See a Stellar Nursery!

The next two months are the best time of year to see one of the most beautiful and famous objects in the night sky — the Orion Nebula, a giant cloud of gas and dust where stars are born.  You can even see this nebula without the use of a telescope!

The Orion Nebula
The Orion Nebula. This cloud of dust and gas is illuminated by newly born stars. This is a combination of an infrared image from NASA's Spitzer Space Telescope and a visible image from the National Optical Astronomy Observatory, headquartered in Tucson, Arizona. Credit: NASA/JPL-Caltech/T. Megeath (University of Toledo)

The nebula appears as the ‘middle star’ in Orion’s sword.  If you observe the nebula through a telescope, you should see an image much fainter than the one above: Through amateur telescopes the nebula looks like a beautiful, wispy, grey-green cloud.

Outline of the constellation Orion. The Orion Nebula is located in the sword of Orion.

Orion was a hunter in classical mythology.  The brightest stars of Orion mark his feet, his belt (of three stars), his sword (hanging down from his belt), his shoulders, head, arms and raised club.  Compare the diagram above with the 17th century illustration below.  The Orion Nebula is the middle ‘star’ in Orion’s sword.

A print of the copperplate engraving for Johann Bayer's "Uranometria" (1661) showing the constellation Orion. Orion was a hunter in classical mythology. Image Credit: United States Naval Observatory Library

To give you a sense of just how large and far away the Orion Nebula is … it takes light 24 years to travel from one side of the nebula to the opposite side.  Although Orion is the closest star-formation region to Earth, it takes almost 1,600 years for the light from Orion to reach us.  By contrast, it takes light a little over 8 minutes to travel from the sun to Earth.

Orion is easy to spot at this time of year: Just look south during the evening hours (between sunset and midnight).  You should easily recognize Orion, which will represent a large section of the night sky.  (If you live in the southern hemisphere of Earth, such as in Australia or New Zealand, you’ll find Orion toward the north: The constellation will appear to be ‘upside down’ compared to the diagrams above.)  The Orion Nebula is one of the prettiest and most observed objects in the night sky.  So pull out your telescope over the next few months and enjoy the view!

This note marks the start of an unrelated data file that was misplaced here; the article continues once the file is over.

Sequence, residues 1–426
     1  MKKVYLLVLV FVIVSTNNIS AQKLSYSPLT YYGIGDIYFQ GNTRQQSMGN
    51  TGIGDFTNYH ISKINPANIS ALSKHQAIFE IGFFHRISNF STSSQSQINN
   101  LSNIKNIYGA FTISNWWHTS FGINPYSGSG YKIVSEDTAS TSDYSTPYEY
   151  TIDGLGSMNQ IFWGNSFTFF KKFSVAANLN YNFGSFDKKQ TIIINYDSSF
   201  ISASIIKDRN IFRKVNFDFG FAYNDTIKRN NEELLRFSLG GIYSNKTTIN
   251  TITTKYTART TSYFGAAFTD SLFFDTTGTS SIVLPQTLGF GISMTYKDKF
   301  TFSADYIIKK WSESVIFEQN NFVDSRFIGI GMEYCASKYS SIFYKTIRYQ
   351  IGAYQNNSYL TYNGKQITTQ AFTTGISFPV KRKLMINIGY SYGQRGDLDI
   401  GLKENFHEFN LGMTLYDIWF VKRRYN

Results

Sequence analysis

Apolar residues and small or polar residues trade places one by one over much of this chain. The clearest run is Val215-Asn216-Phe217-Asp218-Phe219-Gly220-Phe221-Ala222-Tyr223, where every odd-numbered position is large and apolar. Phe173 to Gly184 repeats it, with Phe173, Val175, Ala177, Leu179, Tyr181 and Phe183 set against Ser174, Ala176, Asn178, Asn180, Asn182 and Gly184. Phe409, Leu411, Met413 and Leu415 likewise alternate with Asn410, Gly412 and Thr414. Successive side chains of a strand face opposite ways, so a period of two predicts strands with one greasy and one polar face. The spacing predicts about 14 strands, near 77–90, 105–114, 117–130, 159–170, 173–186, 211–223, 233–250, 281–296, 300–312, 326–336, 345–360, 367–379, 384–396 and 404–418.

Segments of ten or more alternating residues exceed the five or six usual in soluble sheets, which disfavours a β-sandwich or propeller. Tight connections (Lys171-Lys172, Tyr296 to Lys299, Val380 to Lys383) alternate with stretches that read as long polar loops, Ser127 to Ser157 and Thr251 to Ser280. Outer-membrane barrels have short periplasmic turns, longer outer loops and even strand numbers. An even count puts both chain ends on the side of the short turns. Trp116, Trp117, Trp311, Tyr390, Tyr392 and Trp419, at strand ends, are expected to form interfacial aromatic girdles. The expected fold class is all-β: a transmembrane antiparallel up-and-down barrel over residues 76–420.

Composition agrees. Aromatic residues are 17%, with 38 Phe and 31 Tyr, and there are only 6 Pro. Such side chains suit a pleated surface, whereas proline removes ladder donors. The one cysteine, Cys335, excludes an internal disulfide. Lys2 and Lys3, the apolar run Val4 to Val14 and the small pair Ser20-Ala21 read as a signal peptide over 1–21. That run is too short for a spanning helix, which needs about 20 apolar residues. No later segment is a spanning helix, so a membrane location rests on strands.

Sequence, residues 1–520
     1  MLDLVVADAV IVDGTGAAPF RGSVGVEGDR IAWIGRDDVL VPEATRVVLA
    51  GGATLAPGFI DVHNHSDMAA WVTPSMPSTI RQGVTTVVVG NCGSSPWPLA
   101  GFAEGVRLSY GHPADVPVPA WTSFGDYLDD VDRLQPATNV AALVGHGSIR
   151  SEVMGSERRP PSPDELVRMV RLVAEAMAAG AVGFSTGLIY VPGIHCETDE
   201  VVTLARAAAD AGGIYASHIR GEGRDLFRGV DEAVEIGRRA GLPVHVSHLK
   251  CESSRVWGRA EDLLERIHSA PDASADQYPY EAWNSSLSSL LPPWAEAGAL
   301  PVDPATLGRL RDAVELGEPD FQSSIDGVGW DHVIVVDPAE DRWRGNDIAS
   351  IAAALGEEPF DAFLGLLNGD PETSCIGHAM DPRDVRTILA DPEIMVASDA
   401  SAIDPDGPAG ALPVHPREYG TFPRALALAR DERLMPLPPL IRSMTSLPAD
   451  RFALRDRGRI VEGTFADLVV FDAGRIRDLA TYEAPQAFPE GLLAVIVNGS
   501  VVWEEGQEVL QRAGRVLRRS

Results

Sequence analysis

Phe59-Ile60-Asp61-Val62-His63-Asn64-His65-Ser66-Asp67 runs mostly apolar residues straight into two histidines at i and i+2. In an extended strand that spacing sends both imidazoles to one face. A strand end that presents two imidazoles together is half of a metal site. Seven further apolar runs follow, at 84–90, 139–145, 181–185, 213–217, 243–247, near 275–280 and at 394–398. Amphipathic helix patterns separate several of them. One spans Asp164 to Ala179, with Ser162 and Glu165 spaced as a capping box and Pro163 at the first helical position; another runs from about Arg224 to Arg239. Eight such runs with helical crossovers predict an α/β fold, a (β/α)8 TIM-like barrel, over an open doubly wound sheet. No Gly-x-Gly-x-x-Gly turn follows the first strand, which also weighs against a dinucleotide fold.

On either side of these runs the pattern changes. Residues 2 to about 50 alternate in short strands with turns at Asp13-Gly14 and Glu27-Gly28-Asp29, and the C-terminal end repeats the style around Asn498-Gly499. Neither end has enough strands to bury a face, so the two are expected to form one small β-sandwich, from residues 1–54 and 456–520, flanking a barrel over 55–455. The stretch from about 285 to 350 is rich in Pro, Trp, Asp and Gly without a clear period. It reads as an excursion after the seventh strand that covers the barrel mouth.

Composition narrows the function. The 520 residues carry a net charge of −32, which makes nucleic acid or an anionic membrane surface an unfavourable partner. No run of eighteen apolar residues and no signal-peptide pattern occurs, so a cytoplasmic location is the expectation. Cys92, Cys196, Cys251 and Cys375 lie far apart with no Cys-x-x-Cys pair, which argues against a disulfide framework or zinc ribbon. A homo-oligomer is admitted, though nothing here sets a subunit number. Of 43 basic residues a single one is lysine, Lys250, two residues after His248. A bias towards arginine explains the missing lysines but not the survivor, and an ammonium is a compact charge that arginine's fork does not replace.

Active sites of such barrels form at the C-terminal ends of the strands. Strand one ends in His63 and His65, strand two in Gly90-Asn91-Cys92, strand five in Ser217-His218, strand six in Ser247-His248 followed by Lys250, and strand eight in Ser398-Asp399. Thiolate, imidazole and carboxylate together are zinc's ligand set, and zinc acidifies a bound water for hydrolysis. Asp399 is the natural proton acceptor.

The planets this month

Jupiter appears toward the southwest after sunset (towards the northwest, if you’re in the southern hemisphere of Earth): It’s a very bright point of light that’s easy to spot.  Right now, Jupiter is located within the Name A Star Live constellation Pisces.

Venus and Saturn will be in the Name A Star Live constellations Libra and Virgo, respectively, in January.  Venus will appear in the eastern sky before sunrise.  Saturn will rise in the east after midnight, and will be toward the south before dawn.  (For those of you in the southern hemisphere, Saturn will be toward the north before dawn.)

Mars is on the other side of the Sun now, so we cannot see the Red Planet this month.

When to go stargazing this month

Moonlight ‘drowns out’ the faint light of many stars and other celestial objects, so the best time  to view the stars is when the Moon is not visible.  If you’re going to stargaze between sunset and midnight, then the best time to do that this month is during the first 8 or 9 days of January, and during the last few days of January.

Finding your star in the night sky

Stars are located within constellations, which are just areas of the night sky. Scorpius, Aries and Taurus are examples of constellations. Your Name A Star Live Star Certificate displays the name of your constellation.

You can use our online World Constellation Guide to determine if you can see your constellation during the evening hours (between sunset and midnight). Of course, you’ll need a telescope to see your star. (That’s why we include the SLOOH online telescope experience in our Deluxe, Framed and Ultimate Gift Sets!) But you can see your constellation without the use of a telescope.

You can also find your constellation by using our Virtual Planetarium™ astronomy software. A planisphere is another useful device.

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